In a previous article, we looked at the .NET Framework settings of the custom security settings in Internet Explorer 7. In this article I want to review ActiveX controls and plug-ins. Let’s begin by reviewing what an ActiveX controls are and why Microsoft would want to provide users with a greater level of control over how Internet Explorer handles them.
Fundamentally, an ActiveX control is a small compiled (not plain-text markup like a web page) application that can be downloaded to your computer from a web page to typically do a very specific task. In the days before Microsoft implemented security zones in both Internet Explorer and Windows, ActiveX controls could be run with full access to the computer including the file system. Virus writers leveraged this situation to exploit the computer by using ActiveX controls to do everything from deleting files to sending unintended emails to everyone in a user’s address book. For an example of how this was done, see this 1999 article by CNN.
While major improvements in both Windows and Internet Explorer have greatly mitigated the threat ActiveX controls were used to exploit, the basic operation of the controls remains the same. ActiveX controls still are used widely and do offer a great deal of programming power for developers. Because of this, Microsoft continues to support ActiveX controls and has built security measures into Internet Explorer to help ensure they’re used safely and effectively.
It is possible to tweak Internet Explorer’s handling of ActiveX controls and it is to that topic that we now turn. Many of the options in the ActiveX controls and plug-ins section are variations on a theme but each is important.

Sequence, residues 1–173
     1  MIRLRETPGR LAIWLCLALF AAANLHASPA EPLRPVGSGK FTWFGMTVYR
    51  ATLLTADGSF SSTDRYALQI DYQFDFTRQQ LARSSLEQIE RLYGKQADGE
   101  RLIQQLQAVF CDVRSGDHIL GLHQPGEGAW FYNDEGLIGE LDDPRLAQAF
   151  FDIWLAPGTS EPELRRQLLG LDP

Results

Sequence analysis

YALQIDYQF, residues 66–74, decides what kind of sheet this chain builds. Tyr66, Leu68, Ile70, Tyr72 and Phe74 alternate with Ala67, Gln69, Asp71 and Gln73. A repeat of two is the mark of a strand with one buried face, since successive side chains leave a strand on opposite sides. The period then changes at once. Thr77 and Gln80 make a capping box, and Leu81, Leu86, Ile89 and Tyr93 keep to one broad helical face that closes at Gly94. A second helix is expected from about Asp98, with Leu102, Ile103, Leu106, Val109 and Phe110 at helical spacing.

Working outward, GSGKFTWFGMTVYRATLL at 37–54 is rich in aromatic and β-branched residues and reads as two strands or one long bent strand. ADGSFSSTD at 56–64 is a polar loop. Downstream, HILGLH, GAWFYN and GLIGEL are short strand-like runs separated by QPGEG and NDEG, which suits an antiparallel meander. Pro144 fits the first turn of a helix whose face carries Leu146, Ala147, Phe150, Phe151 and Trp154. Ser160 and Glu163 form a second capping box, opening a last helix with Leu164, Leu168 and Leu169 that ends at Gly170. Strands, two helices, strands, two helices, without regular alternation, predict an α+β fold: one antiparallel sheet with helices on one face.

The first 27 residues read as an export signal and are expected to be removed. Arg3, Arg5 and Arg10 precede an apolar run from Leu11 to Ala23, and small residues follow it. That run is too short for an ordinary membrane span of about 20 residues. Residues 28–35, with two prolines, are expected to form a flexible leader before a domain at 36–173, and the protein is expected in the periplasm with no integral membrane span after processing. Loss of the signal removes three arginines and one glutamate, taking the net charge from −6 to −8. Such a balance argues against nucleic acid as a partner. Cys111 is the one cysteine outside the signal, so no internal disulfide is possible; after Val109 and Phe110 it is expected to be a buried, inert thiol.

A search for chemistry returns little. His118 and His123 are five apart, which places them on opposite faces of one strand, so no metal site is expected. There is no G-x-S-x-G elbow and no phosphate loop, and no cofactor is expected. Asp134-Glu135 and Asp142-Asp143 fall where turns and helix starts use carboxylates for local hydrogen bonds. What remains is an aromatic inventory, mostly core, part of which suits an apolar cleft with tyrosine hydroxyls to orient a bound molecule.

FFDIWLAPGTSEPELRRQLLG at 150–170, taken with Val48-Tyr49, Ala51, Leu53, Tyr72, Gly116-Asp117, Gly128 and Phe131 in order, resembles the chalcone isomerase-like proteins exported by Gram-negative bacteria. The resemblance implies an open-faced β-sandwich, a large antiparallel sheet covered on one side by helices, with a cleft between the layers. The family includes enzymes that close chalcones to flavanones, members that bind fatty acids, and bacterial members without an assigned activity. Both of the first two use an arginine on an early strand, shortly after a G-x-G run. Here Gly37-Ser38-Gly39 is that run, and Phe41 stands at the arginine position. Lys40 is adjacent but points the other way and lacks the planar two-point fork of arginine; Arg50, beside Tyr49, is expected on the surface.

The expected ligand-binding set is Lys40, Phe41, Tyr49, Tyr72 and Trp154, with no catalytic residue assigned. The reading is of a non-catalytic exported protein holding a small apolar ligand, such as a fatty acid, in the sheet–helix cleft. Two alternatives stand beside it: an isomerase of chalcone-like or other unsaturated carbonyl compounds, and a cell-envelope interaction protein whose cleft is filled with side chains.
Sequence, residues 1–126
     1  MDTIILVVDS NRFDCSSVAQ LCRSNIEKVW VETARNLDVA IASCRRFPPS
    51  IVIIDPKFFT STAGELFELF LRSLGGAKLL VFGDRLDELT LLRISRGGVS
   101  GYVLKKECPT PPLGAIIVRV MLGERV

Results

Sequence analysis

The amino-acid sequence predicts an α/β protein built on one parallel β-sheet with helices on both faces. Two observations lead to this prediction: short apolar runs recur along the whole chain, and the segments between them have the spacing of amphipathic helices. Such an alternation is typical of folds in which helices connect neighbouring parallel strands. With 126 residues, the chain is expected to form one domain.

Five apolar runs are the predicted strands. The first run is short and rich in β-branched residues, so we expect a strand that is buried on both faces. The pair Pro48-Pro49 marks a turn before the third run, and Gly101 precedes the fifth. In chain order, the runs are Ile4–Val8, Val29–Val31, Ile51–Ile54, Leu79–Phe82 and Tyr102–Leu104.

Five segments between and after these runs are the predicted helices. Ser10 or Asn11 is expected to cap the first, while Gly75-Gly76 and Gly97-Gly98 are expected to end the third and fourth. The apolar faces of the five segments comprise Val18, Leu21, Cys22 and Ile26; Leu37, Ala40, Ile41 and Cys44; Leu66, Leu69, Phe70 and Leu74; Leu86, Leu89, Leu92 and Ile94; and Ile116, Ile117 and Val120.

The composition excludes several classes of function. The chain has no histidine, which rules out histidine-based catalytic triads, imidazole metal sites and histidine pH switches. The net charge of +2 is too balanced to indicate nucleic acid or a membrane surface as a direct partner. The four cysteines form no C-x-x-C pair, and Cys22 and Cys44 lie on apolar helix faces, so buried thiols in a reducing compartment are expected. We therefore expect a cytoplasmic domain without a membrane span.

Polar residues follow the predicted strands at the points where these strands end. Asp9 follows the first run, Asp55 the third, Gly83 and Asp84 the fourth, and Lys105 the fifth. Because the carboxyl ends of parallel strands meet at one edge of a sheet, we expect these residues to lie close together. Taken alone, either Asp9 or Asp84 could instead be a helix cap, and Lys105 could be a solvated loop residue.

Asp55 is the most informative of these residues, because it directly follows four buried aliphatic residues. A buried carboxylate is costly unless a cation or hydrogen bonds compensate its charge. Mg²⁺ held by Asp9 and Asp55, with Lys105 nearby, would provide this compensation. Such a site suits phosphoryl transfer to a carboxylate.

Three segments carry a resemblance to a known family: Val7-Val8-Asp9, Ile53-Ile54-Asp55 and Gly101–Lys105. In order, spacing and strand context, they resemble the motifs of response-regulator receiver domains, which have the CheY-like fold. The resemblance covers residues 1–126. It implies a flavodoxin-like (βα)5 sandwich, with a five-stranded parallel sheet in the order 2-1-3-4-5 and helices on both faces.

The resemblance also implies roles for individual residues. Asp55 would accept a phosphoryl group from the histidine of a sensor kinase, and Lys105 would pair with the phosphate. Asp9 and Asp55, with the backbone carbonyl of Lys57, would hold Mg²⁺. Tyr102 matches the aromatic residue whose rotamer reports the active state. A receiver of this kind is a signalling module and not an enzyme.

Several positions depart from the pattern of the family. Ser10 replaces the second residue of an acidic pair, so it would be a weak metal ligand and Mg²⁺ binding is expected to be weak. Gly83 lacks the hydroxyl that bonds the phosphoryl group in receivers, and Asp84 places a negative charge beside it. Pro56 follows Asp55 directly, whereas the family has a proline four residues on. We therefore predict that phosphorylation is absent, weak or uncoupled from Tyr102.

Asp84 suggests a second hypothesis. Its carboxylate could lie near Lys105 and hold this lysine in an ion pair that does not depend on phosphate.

If you have recently upgraded Internet Explorer, be sure you know how to configure security settings properly to fix security problems with Internet Explorer 8.
Allow Previously Unused ActiveX Controls Run without a Prompt
The default value for this setting is Disable and for most users, this setting is adequate. Microsoft calls this setting, “ActiveX Opt-In.” Essentially, it forces IE to prompt the user before running an ActiveX control that does not satisfy one of the following conditions:
Controls that are commonly used and that were designed with security scrutiny will not be disabled. These controls will appear on a pre-approved list.
Controls which were used in IE before upgrading to IE7 or IE8.
Controls which the user downloads through IE7 or IE8 will be automatically enabled during the download and install process. [Source: MSDN]
With this setting set to Disabled, all ActiveX controls that do not meet one of the above conditions will be disabled until the user explicitly grants the control permission to run.
The default setting for this is Disabled. Unless you’re having problems with specific web pages, this setting should be fine for most users. This setting refers to a technology support for which was phased out in Internet Explorer 5. However some older sites and some developers (not necessarily older developers) still use scriptlets and so Internet Explorer 7 needs to be able to handle them.
Scriptlets technically aren’t ActiveX controls and so would, I guess, fall under the “plug-ins” section of the heading (though they technically aren’t those either). A scriptlet uses a programming language as opposed to markup to make the web page more interactive (e.g. provide a drop-down box or calendar control on a web page).
Automatic Prompting for ActiveX Controls